MadSci Network: Astronomy

Re: Destructive force of a supernova & critical mass calculations

Date: Thu Nov 30 23:20:52 2000
Posted By: Vladimir Escalante-Ramírez, Faculty, Institute of Astronomy, National University of Mexico
Area of science: Astronomy
ID: 974612373.As

There are two types of supernovae. Type I yields about 10^42 joules of 
energy and type II yields about 10^43 joules. Here 10^42 means 10 to the 
42th power, or a 1 followed by 42 zeros. One ton of TNT is 
equal to 4.18 X 10^9 joules so you see that a type I supernova 
is about 2 X 10^32 tons of TNT and a type II is 10 times that. 

The destructive force of an explosion is hard to measure. 
It depends a lot on what is being destroyed. For instance, 
to vaporize a piece of ice of, say, ten tons you need about 
4.2 X 10^9 joules which is one ton of TNT. Destroying a harder 
material may take much more than that. A type II supernova 
can sweep up about 1000 solar masses. A solar mass is 2 X 10^30 
kilograms. Another way to look at this is by looking at 
Hiroshima after Aug. 6, 1945, when it received a bomb of 
14 kilotons. One kiloton is 1000 tons of TNT. Nagasaki 
received 22 or 23 kilotons three days later. Today's fusion 
bombs have yields of the order of megatons, that is, millions of 
tons of TNT. 

I don't know what you mean by "critical mass". Nuclear 
weapons explode by a chain reaction in a fissile material like 
uranium 235 or plutonium 239. To produce the fission of 
most of the material, it is necessary to have a certain 
amount of the material concentrated on a block 
so that the number of neutrons needed to produce the reaction 
grow with time. When that happens we say that the amount of fissile 
material is above "critical mass". The critical mass depends on the 
shape of the block of fissile material, so there is no simple 
way to calculate the mass. Generally speaking the lower the surface of 
the block the lower the critical mass because less neutrons will 
escape the block through the surface. 

With respect to supernovae, the situation is completely different. 
A supernova explodes for a very different reason. Fissile elements 
like uranium or plutonium are very scarce in the universe. Normally, a star 
supports itself against its own gravity by the energy it generates from 
fusion.  However, it is not possible to fuse iron nuclei together.  If a star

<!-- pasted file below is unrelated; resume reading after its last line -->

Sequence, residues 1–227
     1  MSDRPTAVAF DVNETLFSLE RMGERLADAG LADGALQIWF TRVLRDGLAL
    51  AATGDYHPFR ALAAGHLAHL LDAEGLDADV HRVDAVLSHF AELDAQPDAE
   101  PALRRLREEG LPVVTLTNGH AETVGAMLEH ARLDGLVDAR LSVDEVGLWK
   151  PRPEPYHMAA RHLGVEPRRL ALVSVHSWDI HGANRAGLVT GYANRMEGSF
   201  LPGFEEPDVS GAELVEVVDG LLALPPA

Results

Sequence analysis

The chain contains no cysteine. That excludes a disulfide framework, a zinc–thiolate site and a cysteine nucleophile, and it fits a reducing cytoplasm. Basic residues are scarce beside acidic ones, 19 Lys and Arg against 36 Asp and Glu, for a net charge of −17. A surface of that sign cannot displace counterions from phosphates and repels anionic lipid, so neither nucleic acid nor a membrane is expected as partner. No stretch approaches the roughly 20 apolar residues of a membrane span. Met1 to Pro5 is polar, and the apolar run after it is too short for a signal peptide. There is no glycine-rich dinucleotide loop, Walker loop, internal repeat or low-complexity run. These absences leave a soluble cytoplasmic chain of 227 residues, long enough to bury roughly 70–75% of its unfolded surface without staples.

is massive enough, it will create iron in its core after several million 
years.  At this point, it has no way to produce the energy it needs to support 
itself against gravity.  So its core collapses to become a “neutron star,” 
composed entirely of neutrons.  The outer regions of the star collapse until 
they hit the neutron star, at which point they bounce (literally) back into 
space.  This is what we call a Type II supernova.  The star needs a mass 
of about 10 times the Sun's mass for this to happen. 

It is even less clear how type I supernova go off. Apparently a star 
with a mass around one solar mass can go supernova, type I version, 
if it evolves into a white dwarf and then gets more 
mass from somewhere else. White dwarfs are stars that exhaust 
their fuel and collapse to the point where electrons and 
atomic nuclei are at their maximum degree of compression. 
If the white dwarf mass is increased beyond a limit of 
1.4 solar masses, called the Chandrasekhar limit, it 
collapses very fast by forcing electrons and protons to 
combine and produce a very high amount of neutrons and 
neutrinos. Neutrons stay and form a neutron star, but 
neutrinos fly away and can blow out the outer part of 
the star producing the supernova event. There are many 
uncertainties with this picture because we do not understand 
the physics involved very well. White dwarfs 
can get this extra mass if they are part of a binary system, 
and their companion star expands and starts passing mass 
to them. 

Vladimir Escalante Ramirez

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